16th Soldier Wounded on the Somme

Battlefield on the Somme. (P. Ferguson image 2007)

Battlefield on the Somme. (P. Ferguson image 2007)


Corporal Norman Caldwell (16th Battalion CEF) and his brother Harry Calldwell (67th Battalion CEF) were the nephews of Mr. L.A. Berkeley of Roccabella.

A portion of Norman’s letter entitled, Brothers Have Seen Some Heavy Fighting  appeared in The Daily Colonist, 7 November  1916, page 10.

“I got hit on September 24…at about 4 o’clock in the afternoon, down in the Somme district, between Thiepval and Courcelette, where we had made an attack that day. I got through the charge all right and was dug in up on the ridge which we had taken from Fritz. We had been there only a few hours when a high explosion shell burst right on the edge of the trench where I was posted and buried me. The concussion at the same time tore a strip out of me about two or three inches wide, extending from about half way down the thigh on my right leg to about half way between the knee and ankle. The wound, however, was not very deep, and not at all serious. I was burnt a bit by the shell explosion as well, but my injuries are healing now.

I also got a few shrapnel cuts on the left shin, caused by the shell splinters, but they have only broken the skin, and all signs of them, I think, will be gone by another week.

I was buried for about fifteen minutes before I could be dug out. It seemed like a year while I was lying there, half smothered with earth and the weight on top of me.

Now that I think of it, I don’t think I ever told you that I was made corporal at the beginning of last July. If I hadn’t been wounded, I probably would have been sergeant by this time, as there were a few sergeants wounded whose places would have to be filled by senior corporals…”

In 1918 Caldwell was awarded the Military Medal for bravery in the field.

About The Author

Paul has worked with the Paradigm Motion Picture Company since 2009 as producer, historian and research specialist. Paul first met Casey and Ian WIlliams of Paradigm in April 2007 at Ieper (Ypres), Belgium when ceremonies were being held for the re-dedication of the Vimy Memorial, France. Paul's sensitivity to film was developed at an early age seeing his first films at RCAF Zweibrucken, Germany and Sardinia. Paul returned to Canada in 1967 and was captivated by David Lean's "Lawrence of Arabia" and "Bridge on the River Kwai". Over time Paul became increasingly interested in storytelling, content development, character, direction, cinematography, narration and soundtracks. At the University of Victoria, Paul studied and compared Japanese and Australian film and became interested in Australian film maker Peter Weir and his film "Gallipoli" (1981). Paul was inspired when he learned Weir visited the beaches, ridges and ravines of the peninsula. "Gallipoli", the film, led Paul on many journeys to sites of conflict in England, France, Belgium, Holland, Germany, Malta, Hawaii, Gallipoli, North Macedonia and Salonika. When Paul first watched documentary filmmaker Ken Burns, "The Civil War", Paul understood how his own experience and insight could be effective and perhaps influential in film-making. Combining his knowledge of Museums and Archives, exhibitions and idea strategies with his film interests was a natural progression. Paul thinks like a film-maker. His passion for history and storytelling brings to Paradigm an eye (and ear) to the keen and sensitive interests of; content development, the understanding of successful and relational use of collections, imagery and voice. Like Paul's favorite actor, Peter O'Toole, Paul believes in the adage “To deepen not broaden.” While on this path Paul always remembers his grandmother whose father did not return from the Great War and how his loss shaped her life and how her experience continues to guide him.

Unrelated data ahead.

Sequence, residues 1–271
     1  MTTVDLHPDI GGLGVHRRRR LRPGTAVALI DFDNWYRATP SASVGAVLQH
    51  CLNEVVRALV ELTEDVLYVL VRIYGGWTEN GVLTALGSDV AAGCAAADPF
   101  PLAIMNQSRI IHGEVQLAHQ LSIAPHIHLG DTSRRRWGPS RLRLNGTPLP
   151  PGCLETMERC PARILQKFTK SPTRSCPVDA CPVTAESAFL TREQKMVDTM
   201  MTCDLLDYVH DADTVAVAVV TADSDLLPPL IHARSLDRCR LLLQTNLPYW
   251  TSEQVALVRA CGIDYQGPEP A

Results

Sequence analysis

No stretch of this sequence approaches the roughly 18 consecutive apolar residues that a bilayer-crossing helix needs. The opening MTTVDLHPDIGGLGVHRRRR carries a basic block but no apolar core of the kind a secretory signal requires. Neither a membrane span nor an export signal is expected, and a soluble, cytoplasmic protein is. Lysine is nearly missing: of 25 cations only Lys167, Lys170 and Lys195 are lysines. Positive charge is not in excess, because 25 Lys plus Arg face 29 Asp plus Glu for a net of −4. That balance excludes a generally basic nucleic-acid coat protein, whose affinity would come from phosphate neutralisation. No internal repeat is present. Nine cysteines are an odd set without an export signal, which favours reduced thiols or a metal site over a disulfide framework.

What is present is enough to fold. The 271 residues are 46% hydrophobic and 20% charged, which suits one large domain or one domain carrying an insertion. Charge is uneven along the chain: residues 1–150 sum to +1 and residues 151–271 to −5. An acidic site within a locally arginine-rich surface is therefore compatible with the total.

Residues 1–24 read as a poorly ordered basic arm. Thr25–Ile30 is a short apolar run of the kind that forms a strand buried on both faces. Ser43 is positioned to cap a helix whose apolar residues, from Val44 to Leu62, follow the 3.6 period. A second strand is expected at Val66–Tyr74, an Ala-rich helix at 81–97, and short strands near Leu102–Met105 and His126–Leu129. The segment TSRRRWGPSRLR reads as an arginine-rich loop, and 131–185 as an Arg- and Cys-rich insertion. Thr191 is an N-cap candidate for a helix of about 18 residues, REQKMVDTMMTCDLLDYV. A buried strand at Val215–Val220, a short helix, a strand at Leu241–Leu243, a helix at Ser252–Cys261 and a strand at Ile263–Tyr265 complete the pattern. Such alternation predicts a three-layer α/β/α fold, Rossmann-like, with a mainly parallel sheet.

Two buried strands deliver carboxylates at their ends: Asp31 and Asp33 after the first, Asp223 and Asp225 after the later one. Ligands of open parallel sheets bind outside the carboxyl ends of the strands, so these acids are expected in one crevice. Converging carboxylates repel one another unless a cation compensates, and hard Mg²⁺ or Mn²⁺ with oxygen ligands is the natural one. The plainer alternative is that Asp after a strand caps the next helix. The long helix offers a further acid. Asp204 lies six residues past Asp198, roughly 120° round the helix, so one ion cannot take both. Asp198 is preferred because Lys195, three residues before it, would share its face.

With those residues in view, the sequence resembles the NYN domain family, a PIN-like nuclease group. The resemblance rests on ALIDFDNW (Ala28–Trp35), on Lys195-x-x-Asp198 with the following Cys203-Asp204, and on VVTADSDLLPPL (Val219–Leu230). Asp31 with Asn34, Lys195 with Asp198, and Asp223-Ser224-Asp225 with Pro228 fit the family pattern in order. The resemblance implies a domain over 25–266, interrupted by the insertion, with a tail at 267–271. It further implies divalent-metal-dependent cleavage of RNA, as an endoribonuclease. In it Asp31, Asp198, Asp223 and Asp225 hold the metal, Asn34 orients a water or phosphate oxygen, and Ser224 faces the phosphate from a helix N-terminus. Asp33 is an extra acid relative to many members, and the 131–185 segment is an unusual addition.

Leave a Reply